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Review by Sean Bugg
Rating: (5 out of 5)
Saturday, 10/13/2007, 11:00 AM
Shorts presentation, $10 at Goethe Institut Inter Nationes
LET’S HEAR IT for documentaries, the neglected film form that too often plays to half-filled houses or is sandwiched between movies on cable. If it doesn’t involve really bright tropical fish swimming in high definition, documentaries don’t seem to have much chance of gaining a wider audience.
So, if you’re perusing this year’s Reel Affirmations listings only in search of the biggest musicals or the most nudity — or both, as this year would have it — do yourself a favor and pick out at least one documentary program.
The double-feature ”Loving Life” would be an excellent choice, as the films tell two very different, yet completely compelling, stories of gay men who’ve come into their elder years with dignity and grace.
Emile Norman: By His Own Design () leads off with the story of a small boy who grew up on a Depression-era California ranch and went on to become a noted American artist — and likely would have been far more famous had he not followed his own path away from the New York art world and to his home in Big Sur.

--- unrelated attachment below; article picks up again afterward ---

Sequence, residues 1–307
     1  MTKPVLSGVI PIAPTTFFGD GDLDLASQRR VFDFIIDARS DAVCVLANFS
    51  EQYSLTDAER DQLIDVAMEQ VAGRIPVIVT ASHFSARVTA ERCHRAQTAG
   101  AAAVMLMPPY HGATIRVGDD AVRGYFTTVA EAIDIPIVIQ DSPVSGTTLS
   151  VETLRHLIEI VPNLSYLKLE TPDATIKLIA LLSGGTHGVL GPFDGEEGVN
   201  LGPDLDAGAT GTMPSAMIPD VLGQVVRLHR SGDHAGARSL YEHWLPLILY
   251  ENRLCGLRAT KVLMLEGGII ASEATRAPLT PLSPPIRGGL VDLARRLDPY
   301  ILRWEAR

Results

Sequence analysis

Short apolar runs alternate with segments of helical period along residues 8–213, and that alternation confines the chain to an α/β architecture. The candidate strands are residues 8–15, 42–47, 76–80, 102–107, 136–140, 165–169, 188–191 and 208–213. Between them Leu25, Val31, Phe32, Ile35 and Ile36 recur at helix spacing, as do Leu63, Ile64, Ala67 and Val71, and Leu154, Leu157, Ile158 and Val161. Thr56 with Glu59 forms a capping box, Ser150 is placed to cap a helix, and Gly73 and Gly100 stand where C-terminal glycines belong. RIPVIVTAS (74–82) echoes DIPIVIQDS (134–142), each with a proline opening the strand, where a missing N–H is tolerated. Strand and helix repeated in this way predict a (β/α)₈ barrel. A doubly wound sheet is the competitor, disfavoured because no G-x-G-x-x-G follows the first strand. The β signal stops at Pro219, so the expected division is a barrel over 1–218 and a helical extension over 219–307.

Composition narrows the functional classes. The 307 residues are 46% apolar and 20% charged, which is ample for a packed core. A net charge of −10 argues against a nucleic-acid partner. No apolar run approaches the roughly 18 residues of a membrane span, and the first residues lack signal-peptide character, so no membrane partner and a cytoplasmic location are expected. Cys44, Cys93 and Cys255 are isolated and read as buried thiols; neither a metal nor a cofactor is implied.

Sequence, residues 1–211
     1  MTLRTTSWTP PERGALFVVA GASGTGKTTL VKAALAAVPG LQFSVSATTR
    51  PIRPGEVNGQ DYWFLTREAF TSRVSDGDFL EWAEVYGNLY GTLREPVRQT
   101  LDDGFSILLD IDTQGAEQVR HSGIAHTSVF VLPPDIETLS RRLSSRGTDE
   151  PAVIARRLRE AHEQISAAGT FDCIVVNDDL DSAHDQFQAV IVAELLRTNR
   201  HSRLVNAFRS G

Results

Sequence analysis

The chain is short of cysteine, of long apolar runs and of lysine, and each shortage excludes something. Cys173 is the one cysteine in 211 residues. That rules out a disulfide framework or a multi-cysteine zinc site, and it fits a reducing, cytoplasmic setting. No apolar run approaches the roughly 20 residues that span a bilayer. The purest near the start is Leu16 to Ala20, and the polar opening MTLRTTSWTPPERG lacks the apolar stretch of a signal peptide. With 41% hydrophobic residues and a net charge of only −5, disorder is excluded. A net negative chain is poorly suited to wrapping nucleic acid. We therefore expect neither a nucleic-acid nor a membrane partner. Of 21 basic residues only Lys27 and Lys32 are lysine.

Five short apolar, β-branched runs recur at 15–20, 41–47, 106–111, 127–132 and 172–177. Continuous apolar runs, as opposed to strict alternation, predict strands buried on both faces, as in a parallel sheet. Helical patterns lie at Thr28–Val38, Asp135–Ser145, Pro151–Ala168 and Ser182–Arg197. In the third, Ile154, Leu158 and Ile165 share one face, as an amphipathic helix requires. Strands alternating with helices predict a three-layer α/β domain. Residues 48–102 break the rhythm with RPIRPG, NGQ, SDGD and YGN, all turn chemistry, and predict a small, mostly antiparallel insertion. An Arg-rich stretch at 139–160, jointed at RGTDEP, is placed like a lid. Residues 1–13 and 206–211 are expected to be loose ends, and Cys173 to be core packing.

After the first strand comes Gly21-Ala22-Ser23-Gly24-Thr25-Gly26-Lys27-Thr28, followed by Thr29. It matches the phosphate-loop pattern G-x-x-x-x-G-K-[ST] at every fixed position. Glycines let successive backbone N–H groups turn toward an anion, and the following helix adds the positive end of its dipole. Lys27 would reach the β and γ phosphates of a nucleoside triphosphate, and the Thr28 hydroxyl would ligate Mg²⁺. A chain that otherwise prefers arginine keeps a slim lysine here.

Norman, now in his 80s and still working daily in his studio, carved out a life for himself and his lover/manager, Brooks Clement, that in retrospect seems improbable. As the camera follows him through his present-day routine in a house filled with his own frankly gorgeous designs, Norman and the people who knew him tell the story of his life as an artist and a gay man in the pre-Stonewall era.
Contrasting Norman’s story is Bob and Jack’s 52-Year Adventure (), which chronicles the story of two soldiers who met in post-war Munich and decided to build a life together in 1950s America. The two face a far different world than Norman — Bob and Jack end up buying a small radio station in the Pacific Northwest and obviously struggled more with how to handle their love for each other while living in the broader world. But their story is just as important.
The couple admits they have no magic formula to offer as to how to stay together, but they don’t need to. Sometimes the showing the possibility is formula enough. — SB